Imagine  tens of millions of users potentially receiving a popup asking the user to grant permission to be tracked, in September 2020.

The striking news emerged from this year’s Apple WWDC conference. Apple will limit the use of the IDFA “tracking identifier”. This identifier allowed advertisers to track the users across applications, sometimes websites. Users could reset or disable it but some likely never did it - perhaps they did not know about this option. It no longer matters because the landscape radically changes now. When the app will want to use the tracking identifier, the user will see a popup asking the user to grant permission to be tracked. The way it works technically is simple - it is similar to any other permissions, by now well known both under iOS/iPhone, Android, or web browsers. Prior to granting the permission the identifier will be zeroed:

Until a user grants authorization, the UUID returned will be all zeros: 00000000-0000-0000-0000-000000000000.

Inevitably, it may be illuminating to users when suddenly most/all of them understands what is going on (tracking), on what scale (millions of users at the same time?), and where (most apps?).

Wait, European Union did this first?

In Europe, web sites need to ask users for consent on the use of tracking cookies. Many non-EU countries (and people in the EU) ridicule the European push for such transparency measures. Now they will be standard all around the world. This, therefore, means that Apple is deploying, to millions of users, this sometimes controversial practice of “cookie consent popup” (in 2018 reinvigorated at the occasion of GDPR)  known from the European Union. By the way: pre-ticked consent is invalid, and thanks to the default working of the iPhone now, there will be no way for pre-ticked consent for the tracking identifiers.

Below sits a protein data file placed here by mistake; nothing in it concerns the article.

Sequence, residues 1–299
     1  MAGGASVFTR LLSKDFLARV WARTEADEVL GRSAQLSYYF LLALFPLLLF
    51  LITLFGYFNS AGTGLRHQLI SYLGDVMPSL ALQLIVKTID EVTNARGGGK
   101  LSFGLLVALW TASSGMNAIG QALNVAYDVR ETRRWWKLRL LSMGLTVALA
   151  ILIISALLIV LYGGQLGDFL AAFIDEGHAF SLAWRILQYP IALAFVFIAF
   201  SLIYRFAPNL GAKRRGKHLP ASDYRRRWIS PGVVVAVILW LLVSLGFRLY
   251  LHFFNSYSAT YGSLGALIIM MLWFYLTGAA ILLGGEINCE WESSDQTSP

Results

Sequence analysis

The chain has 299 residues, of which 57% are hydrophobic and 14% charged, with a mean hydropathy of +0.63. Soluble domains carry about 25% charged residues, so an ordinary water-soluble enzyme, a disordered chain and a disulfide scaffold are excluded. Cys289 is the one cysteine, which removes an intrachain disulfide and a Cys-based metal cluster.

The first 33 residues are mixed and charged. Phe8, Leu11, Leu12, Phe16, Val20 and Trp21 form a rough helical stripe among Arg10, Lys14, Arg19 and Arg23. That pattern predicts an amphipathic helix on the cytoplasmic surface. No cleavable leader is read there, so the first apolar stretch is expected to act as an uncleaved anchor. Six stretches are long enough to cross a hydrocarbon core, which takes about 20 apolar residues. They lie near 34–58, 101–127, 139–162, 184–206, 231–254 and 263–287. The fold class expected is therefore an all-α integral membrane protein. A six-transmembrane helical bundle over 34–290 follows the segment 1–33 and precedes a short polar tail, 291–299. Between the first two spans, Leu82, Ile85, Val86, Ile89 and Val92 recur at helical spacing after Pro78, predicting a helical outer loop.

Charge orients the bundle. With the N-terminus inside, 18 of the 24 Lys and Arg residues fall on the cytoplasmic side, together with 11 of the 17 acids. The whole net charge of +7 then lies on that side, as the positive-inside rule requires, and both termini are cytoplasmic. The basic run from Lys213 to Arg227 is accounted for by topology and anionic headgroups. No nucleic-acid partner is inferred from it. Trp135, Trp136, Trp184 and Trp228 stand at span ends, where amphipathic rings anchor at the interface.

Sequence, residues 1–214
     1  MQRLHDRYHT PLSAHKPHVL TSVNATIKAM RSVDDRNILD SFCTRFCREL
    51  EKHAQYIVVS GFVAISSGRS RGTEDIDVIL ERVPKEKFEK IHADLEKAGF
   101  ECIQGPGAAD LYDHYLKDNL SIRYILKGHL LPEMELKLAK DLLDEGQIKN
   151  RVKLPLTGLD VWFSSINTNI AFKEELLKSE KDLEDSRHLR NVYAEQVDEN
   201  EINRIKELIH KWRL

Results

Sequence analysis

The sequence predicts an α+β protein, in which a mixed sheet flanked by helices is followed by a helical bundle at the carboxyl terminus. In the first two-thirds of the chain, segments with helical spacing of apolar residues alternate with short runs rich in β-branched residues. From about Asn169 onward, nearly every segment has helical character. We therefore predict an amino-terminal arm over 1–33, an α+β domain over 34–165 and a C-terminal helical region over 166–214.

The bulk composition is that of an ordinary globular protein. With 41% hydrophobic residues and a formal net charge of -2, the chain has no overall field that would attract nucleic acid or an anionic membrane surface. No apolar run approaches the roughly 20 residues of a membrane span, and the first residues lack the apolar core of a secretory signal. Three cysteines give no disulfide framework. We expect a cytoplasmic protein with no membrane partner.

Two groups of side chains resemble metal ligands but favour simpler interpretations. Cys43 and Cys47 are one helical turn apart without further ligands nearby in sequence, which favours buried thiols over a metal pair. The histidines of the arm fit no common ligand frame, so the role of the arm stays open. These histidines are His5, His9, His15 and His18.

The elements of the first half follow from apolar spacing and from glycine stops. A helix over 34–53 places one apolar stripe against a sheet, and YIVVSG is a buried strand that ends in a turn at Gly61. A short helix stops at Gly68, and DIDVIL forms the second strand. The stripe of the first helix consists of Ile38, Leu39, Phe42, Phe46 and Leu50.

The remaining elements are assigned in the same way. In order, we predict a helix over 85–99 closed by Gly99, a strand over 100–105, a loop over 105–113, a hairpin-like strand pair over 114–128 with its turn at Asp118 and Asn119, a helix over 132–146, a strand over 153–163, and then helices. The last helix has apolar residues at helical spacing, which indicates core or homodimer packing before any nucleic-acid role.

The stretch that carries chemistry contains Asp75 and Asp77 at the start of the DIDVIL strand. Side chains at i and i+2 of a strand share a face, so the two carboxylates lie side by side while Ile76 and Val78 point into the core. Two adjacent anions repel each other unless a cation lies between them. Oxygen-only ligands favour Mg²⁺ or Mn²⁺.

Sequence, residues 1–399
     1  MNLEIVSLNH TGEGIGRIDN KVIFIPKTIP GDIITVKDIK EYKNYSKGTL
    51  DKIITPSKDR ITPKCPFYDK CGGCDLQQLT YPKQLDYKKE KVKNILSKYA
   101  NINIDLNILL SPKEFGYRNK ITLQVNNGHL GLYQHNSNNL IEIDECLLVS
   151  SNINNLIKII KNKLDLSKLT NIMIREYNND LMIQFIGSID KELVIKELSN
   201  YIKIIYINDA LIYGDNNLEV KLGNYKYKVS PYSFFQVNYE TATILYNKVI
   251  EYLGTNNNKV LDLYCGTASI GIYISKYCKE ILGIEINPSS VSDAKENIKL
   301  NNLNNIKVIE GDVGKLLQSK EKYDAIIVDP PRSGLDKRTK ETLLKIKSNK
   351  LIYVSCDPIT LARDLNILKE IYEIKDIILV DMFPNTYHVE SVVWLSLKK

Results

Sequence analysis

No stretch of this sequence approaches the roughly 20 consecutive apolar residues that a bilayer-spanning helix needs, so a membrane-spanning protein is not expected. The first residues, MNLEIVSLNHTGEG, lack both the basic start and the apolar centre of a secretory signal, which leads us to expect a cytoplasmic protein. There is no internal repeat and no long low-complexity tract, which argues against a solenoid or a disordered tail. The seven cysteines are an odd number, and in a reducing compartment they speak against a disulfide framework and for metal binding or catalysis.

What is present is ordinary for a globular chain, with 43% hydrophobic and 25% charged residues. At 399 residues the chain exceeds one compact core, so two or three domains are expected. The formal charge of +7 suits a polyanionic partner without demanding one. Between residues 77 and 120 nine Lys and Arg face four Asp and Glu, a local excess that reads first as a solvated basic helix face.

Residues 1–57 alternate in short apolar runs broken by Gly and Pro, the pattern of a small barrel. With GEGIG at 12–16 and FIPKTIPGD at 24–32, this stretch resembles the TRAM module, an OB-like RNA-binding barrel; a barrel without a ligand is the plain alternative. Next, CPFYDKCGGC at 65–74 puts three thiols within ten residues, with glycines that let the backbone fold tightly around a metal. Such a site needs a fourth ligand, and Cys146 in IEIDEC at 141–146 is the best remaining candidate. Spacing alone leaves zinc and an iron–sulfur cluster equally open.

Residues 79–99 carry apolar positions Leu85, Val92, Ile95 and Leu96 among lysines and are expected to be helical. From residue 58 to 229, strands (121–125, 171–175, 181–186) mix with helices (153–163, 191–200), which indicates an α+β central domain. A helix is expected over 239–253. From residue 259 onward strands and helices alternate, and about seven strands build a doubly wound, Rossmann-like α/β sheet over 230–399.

Mass deployment to the whole world is certainly an interesting example of European values-based influencing.

The technology, design and strategic challenges ahead

The great technology challenge is caused by the need to rethink many concepts, including such basic ones as the link between the service and the user (is/was it based on trust?), as well as many technology choices (do you really want to track immediately and by default, or do it differently). Tough privacy engineering and even standardisation choices. Who is prepared to understand and really feel such changes? Bonus points: do this in few months.

Permission to track and ePrivacy?

This is potentially also a significant technology policy intervention in the European debate around the ePrivacy Regulation (more here; as of 2020 the regulation is now kind of stalled). The status quo further changes:

  • many users in 2020 blocking ads
  • most web browsers blocking tracking by default in 2020
  • Also in 2020: a very popular mobile vendor blocking tracking by default

The usual problem is whether the responsible policymakers understand the implications. Debating tracking policy as if it was still 2017 has an increasingly limited sense today when the default becomes “not tracking”. Europe should consider moving forward with the excellent anticipatory result obtained at the European Parliament.

The only issue is that the technology policy moving forward may become a bit more complex now. But  deployers, implementers, engineers, auditors need to understand the implications much sooner.

Did you like the assessment and analysis? Any questions, comments, complaints or offers? Feel free to reach out: